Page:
This class is used to start and stop the bundle. In the example plug-in above, the org.eclipse.pde.internal.ui.PDEPlugin class is specified. This class extends org.eclipse.core.runtime.Plugin, which implements the BundleActivator interface.
This property specifies the CLASSPATH to use for the bundle. The property may contain references to directories or jar files inside the bundle jar file. You can use the period to indicate the bundle's root. In the case of the example Eclipse PDE bundle, org.eclipse.pde.ui_3.1.0.jar in the bundle jar file is specified. If you import the source version of the plug-in into your workspace, the import process changes the bundle CLASSPATH to appear as Bundle-ClassPath:, which allows the development version of the plug-in to pick up the compiled bundle classes.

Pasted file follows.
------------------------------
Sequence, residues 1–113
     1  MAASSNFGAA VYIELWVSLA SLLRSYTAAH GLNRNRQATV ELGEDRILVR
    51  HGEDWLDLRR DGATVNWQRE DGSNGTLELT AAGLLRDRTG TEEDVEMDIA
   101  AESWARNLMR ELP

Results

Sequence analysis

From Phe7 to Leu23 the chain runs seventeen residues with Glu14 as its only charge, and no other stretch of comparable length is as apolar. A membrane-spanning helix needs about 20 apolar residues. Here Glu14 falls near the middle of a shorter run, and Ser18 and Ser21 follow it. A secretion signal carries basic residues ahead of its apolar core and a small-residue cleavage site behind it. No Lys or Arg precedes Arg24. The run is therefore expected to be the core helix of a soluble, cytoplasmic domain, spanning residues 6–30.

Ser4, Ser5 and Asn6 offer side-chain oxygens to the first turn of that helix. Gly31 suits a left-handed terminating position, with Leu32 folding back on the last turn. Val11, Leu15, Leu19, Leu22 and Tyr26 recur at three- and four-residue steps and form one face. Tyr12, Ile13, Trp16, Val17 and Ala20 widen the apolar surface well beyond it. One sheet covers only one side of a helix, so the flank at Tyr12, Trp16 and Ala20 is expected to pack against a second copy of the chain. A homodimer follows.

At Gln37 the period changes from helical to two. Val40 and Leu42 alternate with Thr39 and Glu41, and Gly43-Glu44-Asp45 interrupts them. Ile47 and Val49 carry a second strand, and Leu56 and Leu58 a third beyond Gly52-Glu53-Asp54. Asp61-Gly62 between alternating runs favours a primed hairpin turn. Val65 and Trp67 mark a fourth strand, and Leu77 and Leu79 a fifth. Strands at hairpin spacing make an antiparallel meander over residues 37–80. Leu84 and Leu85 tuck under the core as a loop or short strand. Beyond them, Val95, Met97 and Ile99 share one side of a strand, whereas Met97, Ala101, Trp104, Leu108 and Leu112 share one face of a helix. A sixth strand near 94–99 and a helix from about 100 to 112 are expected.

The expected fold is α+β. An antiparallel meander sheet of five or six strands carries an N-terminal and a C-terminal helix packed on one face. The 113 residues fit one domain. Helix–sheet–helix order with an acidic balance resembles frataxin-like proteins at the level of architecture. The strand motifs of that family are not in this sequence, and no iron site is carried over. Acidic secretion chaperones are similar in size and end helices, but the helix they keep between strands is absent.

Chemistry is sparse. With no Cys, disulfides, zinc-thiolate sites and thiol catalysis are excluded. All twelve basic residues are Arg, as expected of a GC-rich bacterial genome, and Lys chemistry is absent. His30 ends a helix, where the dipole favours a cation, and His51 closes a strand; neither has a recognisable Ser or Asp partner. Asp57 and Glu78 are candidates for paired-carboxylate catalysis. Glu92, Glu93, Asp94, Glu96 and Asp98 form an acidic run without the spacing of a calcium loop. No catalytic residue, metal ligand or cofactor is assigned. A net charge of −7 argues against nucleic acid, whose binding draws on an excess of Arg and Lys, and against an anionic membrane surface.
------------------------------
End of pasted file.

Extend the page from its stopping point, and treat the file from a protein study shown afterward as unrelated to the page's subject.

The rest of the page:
This property specifies the version number of the bundle. Package imports and required bundle specifications may include a bundle version number.
This property specifies all the packages to publicly expose to other plug-ins.
This property specifies all the packages to explicitly import from required plug-ins. By default, all packages must be resolved for a bundle to start. You can also specify package imports as optional to support cases in which a package may not exist. Explicitly imported classes are resolved before packages from Require-Bundle plug-ins.
This property specifies which bundles and their exported packages to import for use in the given bundle. Specified bundles are evaluated after explicit package imports.